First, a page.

Mr. Cloud's money laundering convictions were then vacated.

The Fourth Circuit also reversed an order that Mr. Cloud had to pay the costs of his court-appointed attorney's time.

The case was sent back for resentencing.

[FN1] - Strictly speaking this was just Justice Scalia writing for a plurality. But it's really good language.

See also:

Paying For Drugs Is Not Money Laundering

January 6, 2012

Paying For Drugs Is Not Money Laundering


Perhaps one of the most celebrated charging strategies by the federal government was to investigate and charge Al Capone with tax evasion. The feds weren't really after him for tax crimes - they wanted Al Capone because he was a mobster. Yet by charging the tax offense, the federal government was able to get a conviction that stuck.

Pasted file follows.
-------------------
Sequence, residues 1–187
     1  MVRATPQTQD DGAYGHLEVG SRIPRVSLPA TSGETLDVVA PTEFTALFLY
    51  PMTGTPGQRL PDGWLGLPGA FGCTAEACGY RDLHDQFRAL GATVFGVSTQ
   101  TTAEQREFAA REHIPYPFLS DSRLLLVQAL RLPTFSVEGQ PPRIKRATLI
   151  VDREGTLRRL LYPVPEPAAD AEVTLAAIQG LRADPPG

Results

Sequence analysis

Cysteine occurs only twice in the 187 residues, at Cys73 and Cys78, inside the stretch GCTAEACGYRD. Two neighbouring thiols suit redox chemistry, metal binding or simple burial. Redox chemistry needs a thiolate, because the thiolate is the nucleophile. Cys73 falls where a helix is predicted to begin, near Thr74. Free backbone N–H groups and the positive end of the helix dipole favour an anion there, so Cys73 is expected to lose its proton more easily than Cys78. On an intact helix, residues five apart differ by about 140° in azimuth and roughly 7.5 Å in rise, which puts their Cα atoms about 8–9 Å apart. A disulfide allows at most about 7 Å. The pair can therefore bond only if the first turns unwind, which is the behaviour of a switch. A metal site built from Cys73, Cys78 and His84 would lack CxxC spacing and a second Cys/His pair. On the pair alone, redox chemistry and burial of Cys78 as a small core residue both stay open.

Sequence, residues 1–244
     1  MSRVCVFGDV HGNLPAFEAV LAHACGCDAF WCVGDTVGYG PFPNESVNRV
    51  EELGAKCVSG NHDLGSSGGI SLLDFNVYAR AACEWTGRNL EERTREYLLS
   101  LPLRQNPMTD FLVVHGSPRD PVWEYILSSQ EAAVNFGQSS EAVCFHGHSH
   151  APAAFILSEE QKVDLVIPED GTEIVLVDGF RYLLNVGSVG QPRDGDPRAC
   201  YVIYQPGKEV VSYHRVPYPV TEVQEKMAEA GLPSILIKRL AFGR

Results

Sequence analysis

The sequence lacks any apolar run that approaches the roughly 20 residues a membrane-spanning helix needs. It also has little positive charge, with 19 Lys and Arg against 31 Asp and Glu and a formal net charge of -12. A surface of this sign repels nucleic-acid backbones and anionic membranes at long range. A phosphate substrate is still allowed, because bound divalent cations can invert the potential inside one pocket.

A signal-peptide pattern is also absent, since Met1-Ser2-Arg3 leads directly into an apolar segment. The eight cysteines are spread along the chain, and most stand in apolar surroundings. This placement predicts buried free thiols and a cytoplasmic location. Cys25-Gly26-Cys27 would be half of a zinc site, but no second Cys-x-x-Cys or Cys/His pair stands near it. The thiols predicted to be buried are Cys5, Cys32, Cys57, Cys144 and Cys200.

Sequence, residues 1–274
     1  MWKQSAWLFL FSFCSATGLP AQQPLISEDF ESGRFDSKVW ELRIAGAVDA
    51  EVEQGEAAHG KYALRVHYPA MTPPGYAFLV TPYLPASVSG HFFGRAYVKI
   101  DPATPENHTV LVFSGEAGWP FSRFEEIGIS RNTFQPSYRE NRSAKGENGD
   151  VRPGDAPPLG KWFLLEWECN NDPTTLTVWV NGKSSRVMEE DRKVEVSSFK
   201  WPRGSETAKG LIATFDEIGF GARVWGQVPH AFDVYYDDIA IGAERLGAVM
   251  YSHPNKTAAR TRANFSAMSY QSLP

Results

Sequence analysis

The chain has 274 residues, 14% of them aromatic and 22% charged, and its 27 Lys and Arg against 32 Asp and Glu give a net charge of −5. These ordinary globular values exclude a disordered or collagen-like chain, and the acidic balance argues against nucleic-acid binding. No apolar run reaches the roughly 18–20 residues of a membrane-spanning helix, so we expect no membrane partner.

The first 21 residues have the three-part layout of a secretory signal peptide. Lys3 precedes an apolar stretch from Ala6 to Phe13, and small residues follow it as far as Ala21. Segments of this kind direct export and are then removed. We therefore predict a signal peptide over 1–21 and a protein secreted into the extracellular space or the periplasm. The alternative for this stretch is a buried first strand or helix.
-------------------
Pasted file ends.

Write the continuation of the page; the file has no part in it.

Yet the government runs a risk when it charges an auxiliary crime - one that isn't the main offense that they're targeting but, rather, something that derives from it.

The Fifth Circuit's recent opinion in United States v. Harris illustrates this point.

Two men, named Harris and Miller, were involved in some drug transactions between Texas and California. No, not cocaine or marijuana, these guys were trafficking in codeine cough syrup. [FN1]

1361620_grungy_money_4.jpgInstead of being charged with drug trafficking, they were charged with money laundering for paying for the drugs, under 18 U.S.C. § 1956.

Money laundering, as relevant to this case, is basically when a person participates in a financial transaction to conceal that the money in the transaction came from some illegal activity.

The government's theory, from its opening statement, was that,